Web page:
In OAuth: The valey key metaphor and OAuth: Flow for mobile apps, we talked about why OAuth is good for users - how it allows users to grant third-parties access to their web services or mobile apps without sharing their passwords.
This time, why OAuth is good for API providers whether they are exposing APIs for web apps or APIs designed for mobile apps. OAuth means that Web apps that expose APIs don’t have to share passwords. There are two alternatives ...
In my previous post, I talked about how OAuth allows users to grant third-parties access to their web services without sharing their passwords. In that previous example, our user (Bob) accessed his Twitter account through the bit.ly web site. This time, let's look at what happens when Bob is using a mobile app instead of a web app.
OAuth has taken off as a standard way for apps and websites to handle authentication. But OAuth is a confusing spec that can be hard to pin down.
I wanted to talk a little about what is OAuth and when you should use it for your API – hopefully pin it down a little in a few blog posts. I covered a lot of this in OAuth: The Big Picture. Check out the video and slides!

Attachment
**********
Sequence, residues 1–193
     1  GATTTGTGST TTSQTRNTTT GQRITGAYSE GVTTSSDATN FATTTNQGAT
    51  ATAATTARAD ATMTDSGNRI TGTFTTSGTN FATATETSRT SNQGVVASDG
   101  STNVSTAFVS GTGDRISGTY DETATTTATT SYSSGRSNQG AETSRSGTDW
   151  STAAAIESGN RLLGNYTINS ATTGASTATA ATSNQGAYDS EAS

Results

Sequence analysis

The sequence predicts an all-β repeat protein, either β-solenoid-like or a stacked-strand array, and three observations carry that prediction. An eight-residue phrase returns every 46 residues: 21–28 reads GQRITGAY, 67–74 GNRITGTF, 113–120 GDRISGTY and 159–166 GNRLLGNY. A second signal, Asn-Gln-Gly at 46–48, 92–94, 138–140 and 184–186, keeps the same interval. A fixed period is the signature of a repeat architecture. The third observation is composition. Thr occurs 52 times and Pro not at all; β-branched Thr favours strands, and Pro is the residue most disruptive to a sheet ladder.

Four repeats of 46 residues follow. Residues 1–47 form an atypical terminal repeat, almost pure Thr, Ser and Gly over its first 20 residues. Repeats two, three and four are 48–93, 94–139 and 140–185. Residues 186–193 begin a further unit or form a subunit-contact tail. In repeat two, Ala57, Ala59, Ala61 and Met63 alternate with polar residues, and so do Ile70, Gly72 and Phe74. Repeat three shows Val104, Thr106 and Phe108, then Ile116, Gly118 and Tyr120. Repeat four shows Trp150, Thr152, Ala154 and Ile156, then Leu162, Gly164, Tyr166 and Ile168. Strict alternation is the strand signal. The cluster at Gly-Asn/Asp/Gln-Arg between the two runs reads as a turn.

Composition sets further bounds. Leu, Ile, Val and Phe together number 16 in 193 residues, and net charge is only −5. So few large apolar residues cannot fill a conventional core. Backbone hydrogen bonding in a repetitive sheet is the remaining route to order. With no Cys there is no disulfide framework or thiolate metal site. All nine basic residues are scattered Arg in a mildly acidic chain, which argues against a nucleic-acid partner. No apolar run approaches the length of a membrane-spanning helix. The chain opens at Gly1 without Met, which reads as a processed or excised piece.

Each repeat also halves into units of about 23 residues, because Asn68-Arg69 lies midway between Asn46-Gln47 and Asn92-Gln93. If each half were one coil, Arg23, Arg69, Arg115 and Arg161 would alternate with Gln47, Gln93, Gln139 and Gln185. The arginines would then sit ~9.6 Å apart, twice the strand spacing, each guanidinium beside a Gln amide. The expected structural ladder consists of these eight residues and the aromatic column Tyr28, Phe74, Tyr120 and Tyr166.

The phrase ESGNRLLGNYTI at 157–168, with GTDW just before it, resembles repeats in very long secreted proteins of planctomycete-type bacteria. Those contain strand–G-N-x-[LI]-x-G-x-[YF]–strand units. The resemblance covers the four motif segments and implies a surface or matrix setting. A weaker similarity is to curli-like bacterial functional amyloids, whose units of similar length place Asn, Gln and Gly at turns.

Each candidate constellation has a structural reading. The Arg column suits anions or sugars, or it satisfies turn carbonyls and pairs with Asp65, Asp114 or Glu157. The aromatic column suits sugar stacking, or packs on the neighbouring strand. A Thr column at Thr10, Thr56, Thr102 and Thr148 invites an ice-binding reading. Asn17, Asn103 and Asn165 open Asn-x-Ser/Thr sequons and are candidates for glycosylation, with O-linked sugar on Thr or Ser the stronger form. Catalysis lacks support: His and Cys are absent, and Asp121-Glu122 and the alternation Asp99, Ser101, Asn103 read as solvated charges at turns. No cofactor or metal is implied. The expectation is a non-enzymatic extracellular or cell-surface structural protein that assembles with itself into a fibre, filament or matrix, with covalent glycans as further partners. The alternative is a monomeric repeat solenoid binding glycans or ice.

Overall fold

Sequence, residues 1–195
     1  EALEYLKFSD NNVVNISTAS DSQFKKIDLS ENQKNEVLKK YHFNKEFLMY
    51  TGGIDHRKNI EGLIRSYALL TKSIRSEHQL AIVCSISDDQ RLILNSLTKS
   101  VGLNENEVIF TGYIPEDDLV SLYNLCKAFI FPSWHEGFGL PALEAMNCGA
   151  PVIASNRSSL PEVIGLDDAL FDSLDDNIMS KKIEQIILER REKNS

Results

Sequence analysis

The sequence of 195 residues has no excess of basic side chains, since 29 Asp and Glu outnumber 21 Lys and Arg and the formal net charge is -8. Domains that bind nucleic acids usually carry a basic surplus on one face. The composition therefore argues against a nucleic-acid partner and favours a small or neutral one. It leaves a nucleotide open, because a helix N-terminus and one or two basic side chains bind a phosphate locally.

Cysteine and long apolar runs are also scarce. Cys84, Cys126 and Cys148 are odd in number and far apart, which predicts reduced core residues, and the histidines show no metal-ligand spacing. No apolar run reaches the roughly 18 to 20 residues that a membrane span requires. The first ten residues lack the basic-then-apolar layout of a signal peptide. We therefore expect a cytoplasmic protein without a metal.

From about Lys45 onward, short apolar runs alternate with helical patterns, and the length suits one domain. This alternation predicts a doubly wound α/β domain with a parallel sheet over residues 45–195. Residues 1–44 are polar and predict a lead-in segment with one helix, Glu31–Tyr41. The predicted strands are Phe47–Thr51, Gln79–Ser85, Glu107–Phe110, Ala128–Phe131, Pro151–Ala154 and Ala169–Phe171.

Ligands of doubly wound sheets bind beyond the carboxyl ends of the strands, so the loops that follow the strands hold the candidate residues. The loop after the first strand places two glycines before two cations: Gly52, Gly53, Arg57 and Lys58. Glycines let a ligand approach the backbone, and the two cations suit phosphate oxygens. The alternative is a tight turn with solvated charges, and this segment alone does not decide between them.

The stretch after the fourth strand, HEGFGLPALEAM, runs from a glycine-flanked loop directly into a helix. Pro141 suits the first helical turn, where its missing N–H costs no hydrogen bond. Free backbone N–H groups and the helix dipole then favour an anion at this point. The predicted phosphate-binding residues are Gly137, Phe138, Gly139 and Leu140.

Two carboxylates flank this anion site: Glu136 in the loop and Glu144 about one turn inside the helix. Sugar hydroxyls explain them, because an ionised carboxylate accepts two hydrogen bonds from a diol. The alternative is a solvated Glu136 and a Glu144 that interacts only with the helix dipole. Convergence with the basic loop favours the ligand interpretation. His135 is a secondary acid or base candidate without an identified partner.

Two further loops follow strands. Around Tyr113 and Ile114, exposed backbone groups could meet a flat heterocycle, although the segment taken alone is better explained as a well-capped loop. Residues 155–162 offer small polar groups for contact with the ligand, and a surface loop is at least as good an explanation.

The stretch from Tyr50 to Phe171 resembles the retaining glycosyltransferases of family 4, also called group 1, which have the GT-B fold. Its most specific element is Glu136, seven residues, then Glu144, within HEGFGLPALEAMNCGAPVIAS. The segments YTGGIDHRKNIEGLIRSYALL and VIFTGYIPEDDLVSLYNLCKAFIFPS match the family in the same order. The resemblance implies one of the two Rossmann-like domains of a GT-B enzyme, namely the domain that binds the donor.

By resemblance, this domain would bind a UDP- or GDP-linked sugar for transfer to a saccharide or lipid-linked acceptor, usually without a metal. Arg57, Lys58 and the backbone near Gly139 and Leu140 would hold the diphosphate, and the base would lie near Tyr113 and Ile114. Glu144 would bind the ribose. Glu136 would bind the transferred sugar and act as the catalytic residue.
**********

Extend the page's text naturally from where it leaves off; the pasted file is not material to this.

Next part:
Let’s start with what is OAuth and why it came about.
Today at #defragcon our @sramji gave this talk making the case for OAuth as a business imperative.
At Apigee, we've been developing a secure, robust API management platform since 2005 and have been running it in the cloud since 2008. We're proud that some of the most demanding enterprise customers like Netflix, Comcast, and GameSpy have made Apigee technology part of their API platform.
We believe that it should be easy to start working with APIs, so last week we launched a new service called the OAuth API, which takes the pain out of getting up and running with APIs that use OAuth.
The story of the OAuth API is the story of yet another function...
Thanks to all that attended last week's webinar: OAuth: The Big Picture (slides and video here).
There were great questions - here are thoughts on those we didn't have time to discuss.
Q: Would you recommend only using oauth for passwords and usernames? What about more confidential items like card numbers? (John G)
I'm not sure I completely understand - but are you asking - if a user can authenticate to OAuth using a credit card number rather than a username/password?
That's theoretically possible but I'm not sure it's a good idea. Also, keep in mind that most credit-card...
We've written on the topic of API threat detection before, and also outlined a top 10 API threats" to guard against, but race conditions are another area in which APIs are also vulnerable. A race condition is a bug where the output is dependent on a sequence of timing of other events. APIs are vulnerable to a type of race condition called TOCTTOU (pronounced "TOCK TOO"). During this crack in time, malicious users are using race conditions that have been exploited as security vulnerabilities in systems for almost 4 decades.